Hotels team up to get competitive on carbon emissions

The hospitality industry is a notoriously competitive place, but 23 global hotel companies have put their rivalries aside and teamed up to find a standard way to measure their carbon footprint and allow customers to make informed environmental choices.

Previously hotels measured their commercial energy use, and the effect it had on their carbon footprint, in different ways, but those that have signed up to the Hotel Carbon Measurement Initiative are hoping to change this. KPMG, a working group of the International Tourism Partnership, the World Travel and Tourism Partnership and 23 hospitality companies have developed a brand new methodology and a clear and uniform way to report findings. The test takes two hours to complete and is compiled from easily available data such as bills and information from business electricity and business gas suppliers. When all of the information has been entered into the system a hotel can work out its carbon footprint for a particular year, per night and per guest.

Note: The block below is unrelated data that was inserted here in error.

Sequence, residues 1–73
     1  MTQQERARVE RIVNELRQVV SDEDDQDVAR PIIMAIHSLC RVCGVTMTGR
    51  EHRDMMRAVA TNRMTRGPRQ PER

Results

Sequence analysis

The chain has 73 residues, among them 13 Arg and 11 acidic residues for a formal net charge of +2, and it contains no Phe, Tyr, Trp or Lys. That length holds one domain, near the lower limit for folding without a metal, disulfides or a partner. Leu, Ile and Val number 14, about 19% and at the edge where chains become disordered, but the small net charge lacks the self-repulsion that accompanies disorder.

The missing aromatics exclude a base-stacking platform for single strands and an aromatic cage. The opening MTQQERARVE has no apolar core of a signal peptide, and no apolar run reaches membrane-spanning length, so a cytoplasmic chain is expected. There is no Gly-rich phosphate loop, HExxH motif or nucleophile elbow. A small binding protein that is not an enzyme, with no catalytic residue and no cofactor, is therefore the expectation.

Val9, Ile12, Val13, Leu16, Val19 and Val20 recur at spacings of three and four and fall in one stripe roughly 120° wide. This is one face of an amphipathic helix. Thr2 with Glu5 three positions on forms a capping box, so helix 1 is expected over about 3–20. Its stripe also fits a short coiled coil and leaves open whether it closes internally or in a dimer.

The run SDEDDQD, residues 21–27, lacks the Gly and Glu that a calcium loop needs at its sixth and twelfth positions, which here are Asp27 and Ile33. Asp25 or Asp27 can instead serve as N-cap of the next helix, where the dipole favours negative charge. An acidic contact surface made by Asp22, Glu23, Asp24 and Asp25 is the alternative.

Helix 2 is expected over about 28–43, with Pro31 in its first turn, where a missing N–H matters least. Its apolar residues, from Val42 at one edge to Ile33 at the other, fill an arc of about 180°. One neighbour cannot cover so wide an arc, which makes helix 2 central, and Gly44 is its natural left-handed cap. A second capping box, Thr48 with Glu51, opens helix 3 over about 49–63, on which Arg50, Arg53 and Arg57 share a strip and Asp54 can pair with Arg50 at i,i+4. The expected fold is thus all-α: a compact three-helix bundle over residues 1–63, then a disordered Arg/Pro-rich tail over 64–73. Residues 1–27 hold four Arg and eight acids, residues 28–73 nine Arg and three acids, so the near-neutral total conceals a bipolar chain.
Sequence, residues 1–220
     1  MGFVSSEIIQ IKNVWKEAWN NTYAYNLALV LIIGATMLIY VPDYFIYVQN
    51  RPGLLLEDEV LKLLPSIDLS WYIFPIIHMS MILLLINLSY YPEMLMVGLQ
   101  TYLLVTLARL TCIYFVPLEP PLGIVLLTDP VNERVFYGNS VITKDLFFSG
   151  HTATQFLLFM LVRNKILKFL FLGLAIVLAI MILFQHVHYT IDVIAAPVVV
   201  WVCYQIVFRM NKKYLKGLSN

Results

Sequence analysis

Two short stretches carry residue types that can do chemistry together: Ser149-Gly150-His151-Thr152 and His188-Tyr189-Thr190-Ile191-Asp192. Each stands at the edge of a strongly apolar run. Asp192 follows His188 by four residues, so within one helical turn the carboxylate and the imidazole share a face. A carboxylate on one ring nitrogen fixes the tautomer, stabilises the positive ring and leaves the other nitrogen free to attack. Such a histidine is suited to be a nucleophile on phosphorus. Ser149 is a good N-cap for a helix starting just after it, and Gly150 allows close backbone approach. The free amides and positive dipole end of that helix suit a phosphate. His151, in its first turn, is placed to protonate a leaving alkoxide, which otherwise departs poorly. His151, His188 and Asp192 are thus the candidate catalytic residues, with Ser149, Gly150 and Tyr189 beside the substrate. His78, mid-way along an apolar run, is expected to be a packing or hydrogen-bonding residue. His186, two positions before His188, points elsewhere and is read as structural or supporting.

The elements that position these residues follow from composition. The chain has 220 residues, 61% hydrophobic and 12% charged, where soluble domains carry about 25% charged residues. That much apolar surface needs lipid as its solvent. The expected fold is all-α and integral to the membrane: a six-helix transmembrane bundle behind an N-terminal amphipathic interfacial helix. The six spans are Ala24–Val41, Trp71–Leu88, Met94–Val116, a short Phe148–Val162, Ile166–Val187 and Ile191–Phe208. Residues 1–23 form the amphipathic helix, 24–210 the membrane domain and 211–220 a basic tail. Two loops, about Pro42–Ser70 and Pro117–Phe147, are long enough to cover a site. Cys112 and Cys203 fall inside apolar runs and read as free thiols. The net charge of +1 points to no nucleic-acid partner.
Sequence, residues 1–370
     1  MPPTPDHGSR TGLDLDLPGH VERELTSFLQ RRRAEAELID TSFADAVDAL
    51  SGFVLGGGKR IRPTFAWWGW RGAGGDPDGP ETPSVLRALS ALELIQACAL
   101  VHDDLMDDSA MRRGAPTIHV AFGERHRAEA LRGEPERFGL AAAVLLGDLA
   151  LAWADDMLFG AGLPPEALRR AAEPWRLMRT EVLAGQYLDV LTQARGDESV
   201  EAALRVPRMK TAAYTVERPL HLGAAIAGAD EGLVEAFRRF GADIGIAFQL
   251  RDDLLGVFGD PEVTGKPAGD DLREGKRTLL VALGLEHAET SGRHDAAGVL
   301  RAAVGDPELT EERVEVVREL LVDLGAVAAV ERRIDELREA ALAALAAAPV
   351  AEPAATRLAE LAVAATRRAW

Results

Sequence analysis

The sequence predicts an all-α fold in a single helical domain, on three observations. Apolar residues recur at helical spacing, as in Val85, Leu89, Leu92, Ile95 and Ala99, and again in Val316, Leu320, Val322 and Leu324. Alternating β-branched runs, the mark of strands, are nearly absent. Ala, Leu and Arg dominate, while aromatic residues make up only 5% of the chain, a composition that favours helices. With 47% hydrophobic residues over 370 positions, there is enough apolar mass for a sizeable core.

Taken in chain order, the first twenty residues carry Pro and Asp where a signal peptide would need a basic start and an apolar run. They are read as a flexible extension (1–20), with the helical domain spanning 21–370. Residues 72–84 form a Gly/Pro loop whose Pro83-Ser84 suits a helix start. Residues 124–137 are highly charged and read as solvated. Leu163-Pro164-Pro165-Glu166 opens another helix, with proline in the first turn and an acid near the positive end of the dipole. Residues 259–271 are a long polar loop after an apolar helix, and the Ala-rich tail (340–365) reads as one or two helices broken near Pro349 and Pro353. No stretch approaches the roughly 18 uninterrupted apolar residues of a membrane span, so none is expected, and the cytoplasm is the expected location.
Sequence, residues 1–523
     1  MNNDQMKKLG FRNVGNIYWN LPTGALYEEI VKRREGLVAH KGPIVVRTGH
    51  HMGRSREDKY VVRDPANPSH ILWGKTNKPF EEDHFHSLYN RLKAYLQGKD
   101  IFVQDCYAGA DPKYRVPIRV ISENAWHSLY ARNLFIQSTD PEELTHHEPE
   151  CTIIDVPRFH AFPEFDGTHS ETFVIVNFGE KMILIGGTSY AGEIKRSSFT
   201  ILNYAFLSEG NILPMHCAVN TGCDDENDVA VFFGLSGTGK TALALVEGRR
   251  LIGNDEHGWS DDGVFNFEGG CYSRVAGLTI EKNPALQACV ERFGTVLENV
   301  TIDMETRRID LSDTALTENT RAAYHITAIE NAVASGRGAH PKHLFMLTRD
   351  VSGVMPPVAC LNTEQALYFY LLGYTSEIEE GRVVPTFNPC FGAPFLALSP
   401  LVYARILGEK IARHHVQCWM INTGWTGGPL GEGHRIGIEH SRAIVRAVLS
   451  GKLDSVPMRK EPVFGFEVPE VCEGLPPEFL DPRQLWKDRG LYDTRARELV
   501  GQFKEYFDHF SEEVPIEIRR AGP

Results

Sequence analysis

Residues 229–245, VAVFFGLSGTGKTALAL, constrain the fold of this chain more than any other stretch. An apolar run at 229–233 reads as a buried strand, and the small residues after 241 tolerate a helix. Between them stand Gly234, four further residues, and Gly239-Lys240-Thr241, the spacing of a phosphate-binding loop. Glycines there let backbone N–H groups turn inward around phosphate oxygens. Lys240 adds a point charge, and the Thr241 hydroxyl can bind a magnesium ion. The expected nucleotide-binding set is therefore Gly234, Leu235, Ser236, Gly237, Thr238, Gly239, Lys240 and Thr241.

David Scowsill, World Travel and Tourism CEO, said he hoped more hotels would sign up to what is becoming a new industry standard and added: “The Hotel Carbon Measurement Initiative is a fantastic example of the world’s largest hotels putting their competitive differences to one side to work together in the interests of the industry overall.”

With many businesses now making a point of considering carbon footprints before they choose hotels for their events, it’s a clever move for the hospitality industry to make. George Favaloro, managing director of PricewaterhouseCoopers commented: “Companies want to do business with companies that have the same mentality. It’s your biggest and most sophisticated customers who care about this.”

With big players such as the Mandarin Oriental Hotel Group, Fairmont Hotels and Resorts and the Premier Inn-Whitbread Group on board, it seems that Mr Favaloro is right. At the recent World Travel and Tourism Council Global Summit in Abu Dhabi, Bill Clinton acknowledged the importance of the initiative in his keynote address and praised those involved for taking on the environmental agenda and doing their bit to make a difference.

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